Featured Research

from universities, journals, and other organizations

Biologists produce rainbow-colored algae

Date:
March 7, 2013
Source:
University of California, San Diego
Summary:
What can green algae do for science if they weren’t, well, green?

Scientists engineered a green alga used commonly in laboratories, Chlamydomonas reinhardtii, into a rainbow of different colors by producing six different colored fluorescent proteins in the algae cells.
Credit: Beth Rasala, UC San Diego

What can green algae do for science if they weren't, well, green?

That's the question biologists at UC San Diego sought to answer when they engineered a green alga used commonly in laboratories, Chlamydomonas reinhardtii, into a rainbow of different colors by producing six different colored fluorescent proteins in the algae cells.

While fluorescent green, red, blue and yellow may be all the rage this year for running shoes and other kinds of sporting gear, fluorescent algae hasn't been a style trend yet in scientific laboratories. But in announcing their achievement in the current issue of The Plant Journal, the UC San Diego biologists said tagging algae with different kinds of fluorescent proteins would provide an important laboratory tool for algae researchers. It could be used to sort different kinds of cells, allow scientists to view cellular structures like the cytoskeleton and flagella, or even to create "fusion proteins," allowing scientists to follow a protein around the cell.

Although rainbow colored algae are not likely to end up in a store near you any time soon, the scientists say they are powerful tools that will allow biologists working on algae to make biotechnology developments more rapidly, ultimately leading to the production of lower-cost biofuels and cheaper human and animal therapeutics. Several months ago, biologists in the same UC San Diego laboratory reported genetically engineering Chlamydomonas algae to produce a complex and expensive human therapeutic drug used to treat cancer.

The rainbow-colored algae were developed by a collaboration that included scientists from the University of Nebraska, Lincoln. Beth Rasala, a postdoctoral fellow in Mayfield's laboratory, is the lead author of The Plant Journal paper. The research was funded by the U.S. Department of Energy and the California Energy Commission.


Story Source:

The above story is based on materials provided by University of California, San Diego. Note: Materials may be edited for content and length.


Cite This Page:

University of California, San Diego. "Biologists produce rainbow-colored algae." ScienceDaily. ScienceDaily, 7 March 2013. <www.sciencedaily.com/releases/2013/03/130307145109.htm>.
University of California, San Diego. (2013, March 7). Biologists produce rainbow-colored algae. ScienceDaily. Retrieved September 16, 2014 from www.sciencedaily.com/releases/2013/03/130307145109.htm
University of California, San Diego. "Biologists produce rainbow-colored algae." ScienceDaily. www.sciencedaily.com/releases/2013/03/130307145109.htm (accessed September 16, 2014).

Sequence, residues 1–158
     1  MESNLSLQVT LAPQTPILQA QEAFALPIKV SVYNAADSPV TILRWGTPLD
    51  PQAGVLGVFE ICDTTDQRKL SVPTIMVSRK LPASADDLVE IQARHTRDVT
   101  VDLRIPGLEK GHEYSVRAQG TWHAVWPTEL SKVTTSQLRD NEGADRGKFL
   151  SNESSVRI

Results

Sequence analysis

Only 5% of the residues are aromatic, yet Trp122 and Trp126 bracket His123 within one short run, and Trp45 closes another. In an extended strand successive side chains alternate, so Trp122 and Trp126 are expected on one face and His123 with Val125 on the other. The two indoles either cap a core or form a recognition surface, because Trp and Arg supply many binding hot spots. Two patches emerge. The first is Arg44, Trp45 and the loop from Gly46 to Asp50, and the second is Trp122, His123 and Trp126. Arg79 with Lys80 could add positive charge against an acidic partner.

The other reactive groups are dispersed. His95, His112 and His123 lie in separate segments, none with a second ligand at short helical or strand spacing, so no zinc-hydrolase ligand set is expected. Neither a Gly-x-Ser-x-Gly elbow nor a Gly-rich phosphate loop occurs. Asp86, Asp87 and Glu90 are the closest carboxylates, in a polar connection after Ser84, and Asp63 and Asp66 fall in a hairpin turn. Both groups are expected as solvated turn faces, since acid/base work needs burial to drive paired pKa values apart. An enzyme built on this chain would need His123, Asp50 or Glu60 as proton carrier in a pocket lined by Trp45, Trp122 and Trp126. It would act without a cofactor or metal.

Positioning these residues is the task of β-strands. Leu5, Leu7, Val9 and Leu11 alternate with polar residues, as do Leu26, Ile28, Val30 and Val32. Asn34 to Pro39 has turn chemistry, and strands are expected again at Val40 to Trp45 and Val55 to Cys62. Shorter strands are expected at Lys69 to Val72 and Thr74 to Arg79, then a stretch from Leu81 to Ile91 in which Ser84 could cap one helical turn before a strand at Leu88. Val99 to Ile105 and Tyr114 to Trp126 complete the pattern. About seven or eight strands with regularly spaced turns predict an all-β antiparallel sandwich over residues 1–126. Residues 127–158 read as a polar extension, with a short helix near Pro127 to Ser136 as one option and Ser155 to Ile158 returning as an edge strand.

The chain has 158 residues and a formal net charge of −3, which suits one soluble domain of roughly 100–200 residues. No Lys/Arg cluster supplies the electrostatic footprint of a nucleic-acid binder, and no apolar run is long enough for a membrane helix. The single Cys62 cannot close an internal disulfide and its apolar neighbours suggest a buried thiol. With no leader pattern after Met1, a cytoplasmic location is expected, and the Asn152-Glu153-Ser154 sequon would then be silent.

Share This



More Plants & Animals News

Tuesday, September 16, 2014

Featured Research

from universities, journals, and other organizations


Featured Videos

from AP, Reuters, AFP, and other news services

Some Tobacco Farmers Thrive Amid Challenges

Some Tobacco Farmers Thrive Amid Challenges

AP (Sep. 16, 2014) The South's tobacco country is surviving, and even thriving in some cases, as demand overseas keeps growers in the fields of one of America's oldest cash crops. (Sept. 16) Video provided by AP
Powered by NewsLook.com
Scientists Given Rare Glimpse of 350-Kilo Colossal Squid

Scientists Given Rare Glimpse of 350-Kilo Colossal Squid

AFP (Sep. 16, 2014) Scientists say a female colossal squid weighing an estimated 350 kilograms (770 lbs) and thought to be only the second intact specimen ever found was carrying eggs when discovered in the Antarctic. Duration: 00:47 Video provided by AFP
Powered by NewsLook.com
Raw: Scientists Examine Colossal Squid

Raw: Scientists Examine Colossal Squid

AP (Sep. 16, 2014) Squid experts in New Zealand thawed and examined an unusual catch on Tuesday: a colossal squid. It was captured in Antarctica's remote Ross Sea in December last year and has been frozen for eight months. (Sept. 16) Video provided by AP
Powered by NewsLook.com
Ivorians Abandon Monkey Pets in Fear Over Ebola Virus

Ivorians Abandon Monkey Pets in Fear Over Ebola Virus

AFP (Sep. 16, 2014) Since the arrival of Ebola in Ivory Coast, Ivorians have been abandoning their pets, particularly monkeys, in the fear that they may transmit the virus. Duration: 00:47 Video provided by AFP
Powered by NewsLook.com

Search ScienceDaily

Number of stories in archives: 140,361

Find with keyword(s):
Enter a keyword or phrase to search ScienceDaily for related topics and research stories.

Save/Print:
Share:

Breaking News:
from the past week

In Other News

... from NewsDaily.com

Science News

Health News

    Environment News

      Technology News



      Save/Print:
      Share:

      Free Subscriptions


      Get the latest science news with ScienceDaily's free email newsletters, updated daily and weekly. Or view hourly updated newsfeeds in your RSS reader:

      Get Social & Mobile


      Keep up to date with the latest news from ScienceDaily via social networks and mobile apps:

      Have Feedback?


      Tell us what you think of ScienceDaily -- we welcome both positive and negative comments. Have any problems using the site? Questions?
      Mobile: iPhone Android Web
      Follow: Facebook Twitter Google+
      Subscribe: RSS Feeds Email Newsletters
      Latest Headlines Health & Medicine Mind & Brain Space & Time Matter & Energy Computers & Math Plants & Animals Earth & Climate Fossils & Ruins